Writing is my work. It’s not something I do eight hours a day for the fun of it.
I enjoy having written. When I finish something that accomplishes what it was supposed to do—introduce students PERT charting or drill sales people on the characteristics on an oncology drug—I feel good about my work. But the actual act of writing anything but a humor piece is work, and sometimes even being funny is a chore.
I can sympathize with students who moan about how hard writing is because writing is hard for me, too. But I refuse to allow students to dodge writing because it’s hard.
Writing is work.
Work is hard.
I don’t love writing.
Students don’t have to love writing either, but students must learn to do it and you and I must teach them how to do it.
We must teach students that not every piece of writing has to be art.
We must teach them to recognize when what they’ve written fulfills the assignment.
We must teach them that “good enough” is usually good enough.
We must teach them most writing they will be required to do in their lives will be a lot like cleaning toilets: something almost everybody can do, that almost nobody likes to do, and which they will often not be able to avoid doing.
Before the Covid-19 pandemic, parents of public-school students were generally happy with the programs offered by their schools. When schools closed abruptly and parents were expected to monitor children’s work, some parents enthusiastically praised teachers for doing every day what the parents found difficult to do two days in a row.
Other parents who hadn’t opposed art, music, physical education, or foreign languages as long as they were taught by a teacher became vehemently opposed to those subjects when the task of teaching them fell to parents who were doing their regular jobs from home.
How taxpayers will feel about public education after the pandemic remains to be seen.
I suspect the amount of money available for the teaching/learning component of public education post-Covid will be far smaller than previous allocations. School boards, like many other government bodies, have a tendency to prepare for a repeat of the crisis just past, so upgrades to, for example, ventilation in school facilities, may be given priority over upgrades to curriculum.
I also suspect any retrenchment will mean a “back to basics” approach if that hasn’t already become the norm by then.
Some people in the education community (other than myself) are already thinking in terms of concentrating on basics.
Jay Matthews, education writer for The Washington Post, had a columntwo weeks ago about the need to return to teaching essentials when the pandemic is over, and as early at last summer, teachers began talking about how teaching had to change beginning with the 2020-21 school year.
Sarah Schwartz, outlined “5 Steps for Keeping Kids on Track This Fall” Aug. 5, 2020 at EdWeek.org. Her first two points were:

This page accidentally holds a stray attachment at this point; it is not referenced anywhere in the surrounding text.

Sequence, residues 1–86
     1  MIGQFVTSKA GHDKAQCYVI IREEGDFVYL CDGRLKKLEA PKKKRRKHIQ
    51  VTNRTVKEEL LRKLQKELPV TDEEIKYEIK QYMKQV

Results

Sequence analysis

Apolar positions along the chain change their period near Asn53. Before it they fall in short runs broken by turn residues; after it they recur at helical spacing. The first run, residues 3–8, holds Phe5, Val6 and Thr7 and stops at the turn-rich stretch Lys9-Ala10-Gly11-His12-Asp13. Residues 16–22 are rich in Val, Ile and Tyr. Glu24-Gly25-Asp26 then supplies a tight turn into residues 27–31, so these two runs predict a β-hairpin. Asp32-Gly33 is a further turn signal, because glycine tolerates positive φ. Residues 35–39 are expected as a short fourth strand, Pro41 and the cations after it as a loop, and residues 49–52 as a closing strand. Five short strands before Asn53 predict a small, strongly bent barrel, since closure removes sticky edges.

Focus on the most important work of the grade, trimming the curriculum to cover only the essential standards.
Figure out what students will need to know and be able to do in order to successfully complete grade-level work.
Schwartz implies, but doesn’t explicitly say, that to begin repairing the damage to students’ educations caused by the pandemic, teachers should teach only what students need to know and be able to do in order to successfully complete grade-level work.
That will probably mean creative writing with be scuttled in favor of mundane, required, expository nonfiction.
Personally, I believe expository nonfiction is the writing schools should teach even without the impetus of a pandemic. Expository nonfiction is required writing. Everyone, including Markus Zusak and Amanda Gorman, must write expository nonfiction. Outside the walls of a classroom, nobody is required to write nonfiction or poetry. Consider:
The cover letter with your job application was (or should have been) expository nonfiction.
The lesson plans you’re required to file must be prepared as expository nonfiction.
Your master’s thesis about novelist Mary Cholmondeley will be expository nonfiction.
The school board’s justification for cutting the creative writing program will be expository nonfiction.
Your letter to the editor of the local paper saying it’s barbaric to deny students the privilege of learning to write fiction and poetry will be expository nonfiction.
If I’m right about changes ahead in K-12 programs in schools after the end of his pandemic, you would be wise to start preparing now by evaluating everything you do for the rest of the school year to determine the least you must teach and the best way to teach that minimum of essential content so that every student in your class masters it. Warning: It is far more challenging to teach every student until every student masters a predetermined set of information and skills than it is to present to all students information and skills you expect only a few of them to master.
As Schwartz implies, in addition to enabling students to learn when the Covid-19 virus is under control, you’ll also need to support students who have social-emotional problems caused or exacerbated when schools were closed during the pandemic. If you thought learning to present on Zoom was a challenge, wait until the kids who didn’t learn on Zoom come back to the classroom.